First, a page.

Ahead of the introduction of IFRS 16 Leases next year, there are warnings of a potential ‘leaseberg’ of liabilities, while many companies have yet to start implementation work on the systems needed to record thousands of leases coming onto the balance sheet for the first time
The cost of lease commitments that currently do not sit on the balance sheet can be upwards of 62% of existing balance sheets, according to new analysis by Aptitude Software, a global financial software provider.
Ross Chapman, Aptitude Software global marketing director, said: ‘Many investors, CEOs and business managers are on course to hit the unforeseen impacts of new lease accounting rules. The financial effects of the new rules are largely unknown as most companies have yet to implement systems that can deliver control and transparency over lease accounting.’
The company’s analysis shows that the total value of lease liabilities is only a small part of the issue when it comes to complying with the new standard. A wide variety of leasing arrangements complicate the compliance with new rules including intra-company lease transfers, sub-leasing and embedded options. Furthermore, US and IFRS 16 lease accounting rules are distinctly different, challenging multinational companies to deliver multi-GAAP financial reporting.
All leases over $5,000 (£3600) need to be disclosed. For global companies, leased assets need to be accounted for consistently regardless of where assets are stored. Some companies have reported that the new lease accounting standard will necessitate 66 times more journal entries than were previously required.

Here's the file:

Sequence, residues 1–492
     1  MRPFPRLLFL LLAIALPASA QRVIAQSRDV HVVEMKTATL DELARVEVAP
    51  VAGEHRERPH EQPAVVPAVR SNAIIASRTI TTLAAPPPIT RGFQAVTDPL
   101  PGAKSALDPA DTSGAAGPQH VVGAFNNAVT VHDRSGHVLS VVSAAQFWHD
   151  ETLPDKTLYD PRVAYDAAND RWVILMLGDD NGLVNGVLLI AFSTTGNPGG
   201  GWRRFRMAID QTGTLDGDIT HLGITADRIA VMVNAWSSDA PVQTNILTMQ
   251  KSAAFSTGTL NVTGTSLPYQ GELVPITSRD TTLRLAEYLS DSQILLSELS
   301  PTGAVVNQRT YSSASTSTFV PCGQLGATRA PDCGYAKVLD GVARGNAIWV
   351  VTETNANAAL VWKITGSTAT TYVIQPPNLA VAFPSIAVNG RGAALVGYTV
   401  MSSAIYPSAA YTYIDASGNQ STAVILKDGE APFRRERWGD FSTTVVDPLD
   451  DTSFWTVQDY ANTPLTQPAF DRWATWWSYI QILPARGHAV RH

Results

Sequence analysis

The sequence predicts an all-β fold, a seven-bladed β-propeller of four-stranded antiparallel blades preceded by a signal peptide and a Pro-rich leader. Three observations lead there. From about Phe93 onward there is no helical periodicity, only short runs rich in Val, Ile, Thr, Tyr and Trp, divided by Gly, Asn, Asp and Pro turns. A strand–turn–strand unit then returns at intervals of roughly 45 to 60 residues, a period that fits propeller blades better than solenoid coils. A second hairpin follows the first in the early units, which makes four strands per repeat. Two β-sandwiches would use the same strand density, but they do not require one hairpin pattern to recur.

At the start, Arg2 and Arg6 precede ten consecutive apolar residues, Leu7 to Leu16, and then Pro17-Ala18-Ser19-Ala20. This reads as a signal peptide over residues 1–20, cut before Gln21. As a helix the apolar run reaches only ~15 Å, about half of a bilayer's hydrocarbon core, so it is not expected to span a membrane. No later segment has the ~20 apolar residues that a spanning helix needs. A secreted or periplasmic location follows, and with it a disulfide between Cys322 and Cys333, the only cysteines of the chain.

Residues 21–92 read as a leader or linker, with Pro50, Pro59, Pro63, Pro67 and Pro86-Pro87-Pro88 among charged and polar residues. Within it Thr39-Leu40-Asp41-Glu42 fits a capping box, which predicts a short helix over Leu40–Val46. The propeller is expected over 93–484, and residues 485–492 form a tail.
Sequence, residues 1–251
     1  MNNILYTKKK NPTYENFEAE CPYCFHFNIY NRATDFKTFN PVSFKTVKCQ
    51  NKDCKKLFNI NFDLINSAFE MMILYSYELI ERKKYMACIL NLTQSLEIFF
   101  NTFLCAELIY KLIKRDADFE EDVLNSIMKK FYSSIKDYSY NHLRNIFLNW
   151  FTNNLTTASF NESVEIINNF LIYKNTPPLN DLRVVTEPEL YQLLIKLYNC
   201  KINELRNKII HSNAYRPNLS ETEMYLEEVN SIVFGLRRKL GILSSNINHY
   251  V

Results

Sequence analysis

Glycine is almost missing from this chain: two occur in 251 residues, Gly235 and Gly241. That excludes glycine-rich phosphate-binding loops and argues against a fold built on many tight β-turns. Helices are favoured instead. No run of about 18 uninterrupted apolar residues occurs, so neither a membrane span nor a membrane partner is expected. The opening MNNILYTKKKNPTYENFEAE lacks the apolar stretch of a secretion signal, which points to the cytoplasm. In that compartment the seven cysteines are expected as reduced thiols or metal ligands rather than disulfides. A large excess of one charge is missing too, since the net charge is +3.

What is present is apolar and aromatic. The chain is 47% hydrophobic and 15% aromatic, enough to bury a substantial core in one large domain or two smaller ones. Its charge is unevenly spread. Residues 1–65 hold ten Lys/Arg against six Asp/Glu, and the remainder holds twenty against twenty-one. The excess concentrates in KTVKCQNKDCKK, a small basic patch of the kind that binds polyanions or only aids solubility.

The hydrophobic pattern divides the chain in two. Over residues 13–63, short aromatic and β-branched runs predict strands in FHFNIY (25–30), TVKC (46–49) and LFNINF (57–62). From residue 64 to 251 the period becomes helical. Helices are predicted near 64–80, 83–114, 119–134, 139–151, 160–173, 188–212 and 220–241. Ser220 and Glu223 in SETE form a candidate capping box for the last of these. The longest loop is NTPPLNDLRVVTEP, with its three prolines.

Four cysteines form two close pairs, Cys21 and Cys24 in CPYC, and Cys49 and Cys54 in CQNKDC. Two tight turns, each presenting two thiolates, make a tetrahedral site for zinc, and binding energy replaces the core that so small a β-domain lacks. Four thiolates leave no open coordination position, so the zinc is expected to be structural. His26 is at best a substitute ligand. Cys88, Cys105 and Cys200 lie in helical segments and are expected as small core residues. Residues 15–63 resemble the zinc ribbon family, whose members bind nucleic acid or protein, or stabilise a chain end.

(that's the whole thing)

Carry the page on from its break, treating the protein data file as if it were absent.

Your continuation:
Chapman said: ‘Some leading multi-nationals have realised that they were on course to hit a “leaseberg” and have mobilised their teams to achieve compliance with new lease accounting capabilities.’
Jeremy Suddards, Aptitude Software chief revenue officer, cited the example of a global technology brand which has over $2bn of operating leases.
‘After a series of mergers and acquisitions, this business has multiple ledgers and numerous different lease management systems. With over 50 entities around the world, the combination of multiple currencies, embedded equipment leases and other complex arrangements made achieving compliance and gaining control of lease accounting a priority,’ he said.
Separately, research by KPMG in the US has found that with the January 1, 2019, deadline looming for compliance with the Financial Accounting Standards Board (FASB) lease accounting standards, only 15% of companies have completed their implementations to date.
Another 45% indicate that they are in the process of implementing, with an overwhelming majority of companies relying on assistance from Big four accounting firms to comply.
Marybeth Shamrock, KPMG's advisory lead for leasing, said: ‘We have seen companies start their projects around the lease accounting standards as they complete their implementation projects for the revenue recognition standards, however, companies still have a lot of work to do in order to achieve compliance with the lease accounting standards.’
Respondents to the KPMG survey included 150 finance and accounting professionals in financial services, manufacturing, retail, telecom, and media industries. Nearly half of those polled have at least 1,000 leases. Over half (57.3%) have annual revenue of $500m to $50bn.
The KPMG survey also revealed that companies expect significant implementation costs, ranging from $250,000 to more than $500,000 – more than a quarter of respondents expect costs to exceed $500,000.
Shamrock said: ‘The new requirements call for a substantial change in the way companies account for all their leases—from office space to heavy equipment, trucks and airplanes—and will have implications throughout the organization, including tax, reporting, and technology.’
Aptitude Software’s Leaseberg Index is here.
Report by Pat Sweet